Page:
The decline in premium short-haul business travel was heightened by the last recession and is unlikely to ever return, a CAA report has concluded.


The UK aviation authority has released figures showing international business travel from the UK fell 22.2% in 2009, with the most marked decrease coming on short-haul routes.


Flying from London was also particularly hit with the proportion of business passengers in short-haul premium cabins at 5% in 2009, compared to 41% in 1996. 


Services to EU countries fell 25% and to the US by 20% and the level of business travel in the first half of 2010 remained 28% down on 2008 figures, the report revealed.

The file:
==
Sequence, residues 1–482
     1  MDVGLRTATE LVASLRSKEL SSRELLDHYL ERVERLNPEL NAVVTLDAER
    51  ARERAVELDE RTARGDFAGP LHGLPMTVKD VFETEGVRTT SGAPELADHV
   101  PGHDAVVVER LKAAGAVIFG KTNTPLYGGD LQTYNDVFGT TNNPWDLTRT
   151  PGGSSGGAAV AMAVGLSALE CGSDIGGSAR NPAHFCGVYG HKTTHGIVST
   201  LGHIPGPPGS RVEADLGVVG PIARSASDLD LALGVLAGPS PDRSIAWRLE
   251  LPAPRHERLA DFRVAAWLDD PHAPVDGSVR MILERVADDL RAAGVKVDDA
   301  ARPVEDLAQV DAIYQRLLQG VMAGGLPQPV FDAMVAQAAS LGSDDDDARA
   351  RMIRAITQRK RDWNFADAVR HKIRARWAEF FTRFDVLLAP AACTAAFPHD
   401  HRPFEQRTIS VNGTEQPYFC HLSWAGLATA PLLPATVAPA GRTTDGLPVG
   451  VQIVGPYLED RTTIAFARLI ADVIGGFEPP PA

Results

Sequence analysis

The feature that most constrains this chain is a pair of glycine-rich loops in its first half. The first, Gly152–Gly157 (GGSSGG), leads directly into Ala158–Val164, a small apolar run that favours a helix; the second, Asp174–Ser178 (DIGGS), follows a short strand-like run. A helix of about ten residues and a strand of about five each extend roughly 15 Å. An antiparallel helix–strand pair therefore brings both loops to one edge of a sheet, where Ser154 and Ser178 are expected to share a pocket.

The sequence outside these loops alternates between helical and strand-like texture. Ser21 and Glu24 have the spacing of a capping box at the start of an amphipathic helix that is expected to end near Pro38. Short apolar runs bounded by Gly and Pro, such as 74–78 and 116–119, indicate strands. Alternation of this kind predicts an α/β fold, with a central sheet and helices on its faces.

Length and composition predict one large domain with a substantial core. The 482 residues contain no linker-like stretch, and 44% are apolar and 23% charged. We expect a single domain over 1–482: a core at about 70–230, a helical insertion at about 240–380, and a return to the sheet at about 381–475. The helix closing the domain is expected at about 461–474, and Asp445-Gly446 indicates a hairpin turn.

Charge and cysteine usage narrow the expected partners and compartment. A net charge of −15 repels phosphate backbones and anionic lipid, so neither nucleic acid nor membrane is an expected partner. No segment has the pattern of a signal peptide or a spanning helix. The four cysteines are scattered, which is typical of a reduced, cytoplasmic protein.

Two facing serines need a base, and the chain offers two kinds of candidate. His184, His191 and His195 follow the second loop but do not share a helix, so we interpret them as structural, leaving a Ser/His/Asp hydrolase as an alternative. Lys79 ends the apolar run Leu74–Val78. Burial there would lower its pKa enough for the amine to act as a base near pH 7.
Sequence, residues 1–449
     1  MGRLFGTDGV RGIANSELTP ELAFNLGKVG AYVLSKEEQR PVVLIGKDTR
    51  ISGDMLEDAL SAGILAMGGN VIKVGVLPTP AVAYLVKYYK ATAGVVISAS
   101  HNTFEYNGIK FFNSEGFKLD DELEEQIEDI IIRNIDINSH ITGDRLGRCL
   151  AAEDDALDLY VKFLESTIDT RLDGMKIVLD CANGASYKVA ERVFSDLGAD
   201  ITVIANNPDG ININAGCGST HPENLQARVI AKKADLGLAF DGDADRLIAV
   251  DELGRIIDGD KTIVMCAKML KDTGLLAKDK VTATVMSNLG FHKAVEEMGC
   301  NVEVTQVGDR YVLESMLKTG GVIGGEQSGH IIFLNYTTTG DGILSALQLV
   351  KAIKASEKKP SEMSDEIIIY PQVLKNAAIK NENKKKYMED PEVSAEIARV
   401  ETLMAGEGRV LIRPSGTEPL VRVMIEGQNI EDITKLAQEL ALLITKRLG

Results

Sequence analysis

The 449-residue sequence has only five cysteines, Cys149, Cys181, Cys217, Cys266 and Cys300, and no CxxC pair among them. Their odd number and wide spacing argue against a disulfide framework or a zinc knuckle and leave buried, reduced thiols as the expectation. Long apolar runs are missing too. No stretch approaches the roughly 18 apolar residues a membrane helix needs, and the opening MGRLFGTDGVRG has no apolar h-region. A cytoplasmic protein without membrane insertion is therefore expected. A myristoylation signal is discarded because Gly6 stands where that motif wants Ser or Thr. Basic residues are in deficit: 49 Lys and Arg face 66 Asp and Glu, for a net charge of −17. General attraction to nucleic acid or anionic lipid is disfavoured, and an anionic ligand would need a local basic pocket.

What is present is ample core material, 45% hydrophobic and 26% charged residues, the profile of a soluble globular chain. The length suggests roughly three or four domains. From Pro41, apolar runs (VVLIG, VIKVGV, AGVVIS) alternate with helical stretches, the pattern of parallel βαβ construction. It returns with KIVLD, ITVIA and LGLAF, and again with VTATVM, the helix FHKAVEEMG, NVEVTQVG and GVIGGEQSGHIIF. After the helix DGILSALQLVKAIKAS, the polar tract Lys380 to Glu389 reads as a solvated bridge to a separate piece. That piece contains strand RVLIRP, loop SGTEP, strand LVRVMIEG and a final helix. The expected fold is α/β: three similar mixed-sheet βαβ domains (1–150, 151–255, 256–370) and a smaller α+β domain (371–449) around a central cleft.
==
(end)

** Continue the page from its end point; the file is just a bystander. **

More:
Harry Bush, the CAA’s director of regulation, concluded that the move away from short-haul business travel to economy and no-frills options had been accentuated by the recession.


He added: “As growth returns, business travel will revive, but it is an open question how far some of the economies made in the recession will permanently affect the way companies allow employees to travel.”


The CAA said the overall decline in business travel was above the level that could be attributed to the impact of the recession but expected demand to be maintained by emerging economies as the recovery continues.